By JOHN T. WARD
The $24.85-million spending plan, which one board member opposed, calls for a 6.95-percent local tax increase.
That breaks down as 2-percent increase allowed under the state-mandated “hard cap” signed into law by Governor Chris Christie in 2010; a 3.3-percent increase allowable under waivers for enrollment increases and health benefits expenses; and use of 1.65-percent worth of “banked cap” under a law that allows districts to exceed the 2-percent cap by utilizing credit from past budgets that grew less than that amount.
Bottom line: for the owner of a property assessed at the borough average $384,836, the tax increase for the year is $101, to $1,510 for the year. The equalized rate is $.3923 per $100 of assessed value.
Jared Rumage, presenting the first budget developed since he became superintendent a year ago, outlined the rationale for the plan.
Come September, enrollment will have climbed 21 percent in the last five years, to an estimated 1,484 students, 89 percent of whom are considered economically disadvantaged, up from 66 percent, Rumage said.
But state aid for the coming year was unchanged at $3 million, though the state’s own calculations showed the district should be allocated $600,000. The failure to fully fund meant the difference between a tax increase and none, he said.
The district is required to remit more than half its state aid – $1.65 million – to the Red Bank Charter School this year, an increase of almost $98,000.
Under the banked cap law, the district had enough credits to have imposed as much as a 9-percent tax increase without going to voters for approval, Rumage said. Instead, the board decided to allow significant credits to vanish, as they do when unused after three years.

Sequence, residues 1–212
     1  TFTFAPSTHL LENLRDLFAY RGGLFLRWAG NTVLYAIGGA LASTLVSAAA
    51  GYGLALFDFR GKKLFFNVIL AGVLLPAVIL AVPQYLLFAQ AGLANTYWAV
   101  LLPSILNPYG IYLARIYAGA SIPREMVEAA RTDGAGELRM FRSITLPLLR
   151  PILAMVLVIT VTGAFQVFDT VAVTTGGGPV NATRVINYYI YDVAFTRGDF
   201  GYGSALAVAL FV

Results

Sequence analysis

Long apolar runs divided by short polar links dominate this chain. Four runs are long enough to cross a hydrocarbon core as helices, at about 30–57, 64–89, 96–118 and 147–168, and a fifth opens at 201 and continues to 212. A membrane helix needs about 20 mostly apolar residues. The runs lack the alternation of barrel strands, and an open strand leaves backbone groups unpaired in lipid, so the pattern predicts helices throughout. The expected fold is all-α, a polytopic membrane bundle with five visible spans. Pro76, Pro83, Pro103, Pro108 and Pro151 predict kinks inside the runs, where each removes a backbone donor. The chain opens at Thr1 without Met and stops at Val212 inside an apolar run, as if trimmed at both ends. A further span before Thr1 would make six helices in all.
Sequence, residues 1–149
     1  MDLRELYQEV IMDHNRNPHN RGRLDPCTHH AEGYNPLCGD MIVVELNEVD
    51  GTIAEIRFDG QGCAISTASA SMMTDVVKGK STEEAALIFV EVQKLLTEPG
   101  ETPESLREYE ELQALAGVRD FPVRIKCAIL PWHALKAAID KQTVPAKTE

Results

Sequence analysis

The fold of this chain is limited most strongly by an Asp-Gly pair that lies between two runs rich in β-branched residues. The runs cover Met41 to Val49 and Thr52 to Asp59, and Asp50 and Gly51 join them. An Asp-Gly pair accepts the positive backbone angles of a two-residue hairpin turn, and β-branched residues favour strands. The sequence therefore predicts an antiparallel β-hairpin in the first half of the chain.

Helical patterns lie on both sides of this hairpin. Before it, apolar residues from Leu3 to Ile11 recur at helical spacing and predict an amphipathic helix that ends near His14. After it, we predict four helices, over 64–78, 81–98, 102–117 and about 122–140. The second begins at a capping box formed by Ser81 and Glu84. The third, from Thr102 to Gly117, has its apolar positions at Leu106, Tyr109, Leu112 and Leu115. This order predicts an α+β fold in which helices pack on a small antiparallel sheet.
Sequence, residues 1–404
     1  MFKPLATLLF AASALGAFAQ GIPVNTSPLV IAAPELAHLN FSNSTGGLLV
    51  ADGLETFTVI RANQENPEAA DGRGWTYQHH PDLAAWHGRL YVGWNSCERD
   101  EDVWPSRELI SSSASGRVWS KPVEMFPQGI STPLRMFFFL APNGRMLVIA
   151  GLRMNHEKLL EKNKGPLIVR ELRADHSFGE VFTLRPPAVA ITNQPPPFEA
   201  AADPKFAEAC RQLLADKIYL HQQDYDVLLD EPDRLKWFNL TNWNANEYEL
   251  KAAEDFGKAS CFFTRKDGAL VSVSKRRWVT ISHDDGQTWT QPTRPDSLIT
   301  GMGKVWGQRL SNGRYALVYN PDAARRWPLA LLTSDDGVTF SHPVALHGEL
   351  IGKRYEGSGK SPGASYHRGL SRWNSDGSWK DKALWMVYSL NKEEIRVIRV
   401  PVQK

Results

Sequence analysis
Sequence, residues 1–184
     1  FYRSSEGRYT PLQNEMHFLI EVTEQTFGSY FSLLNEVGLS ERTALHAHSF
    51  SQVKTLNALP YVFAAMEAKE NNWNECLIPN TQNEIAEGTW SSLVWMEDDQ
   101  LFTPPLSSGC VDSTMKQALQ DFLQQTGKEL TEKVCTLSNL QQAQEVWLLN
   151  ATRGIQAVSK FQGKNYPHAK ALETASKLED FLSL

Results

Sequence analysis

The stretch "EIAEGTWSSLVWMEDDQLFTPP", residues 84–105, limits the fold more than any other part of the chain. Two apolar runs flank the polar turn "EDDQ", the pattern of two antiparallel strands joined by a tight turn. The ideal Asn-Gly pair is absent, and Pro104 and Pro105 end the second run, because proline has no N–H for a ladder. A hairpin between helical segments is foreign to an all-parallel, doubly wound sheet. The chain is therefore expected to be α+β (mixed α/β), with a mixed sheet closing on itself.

“Our focus most definitely was on the big picture,” Rumage said. “We did not and will not be guided by quick fixes.”
“We’ve been shortchanged about $600,000 by the state,” said Suzanne Viscomi, who serves on the budget committee. “Unfortunately, there’s really no recourse.”No borough residents spoke during the public comment session. With one board member absent, the vote was 7-1 in favor.
Michael Ballard, who cast the lone no vote, said he based his opposition on the inclusion of salary increases for teachers.
“Our children are steadily underachieving academically, and we’re raising salaries,” he said.”I find it difficult to go to my community and say we’re raising taxes to increase salaries.”
His comments prompted passionate responses from other board members in defense of the negotiated salaries.
“Our teachers work their tails off with these kids,” said 14-year-board member Peter Noble, “and the little itty-bit of an increase they get I think they deserve, and they deserve our support.”
Here’s the user-friendly version of the budget: RB SCHOOLS 2015-16 BUDGET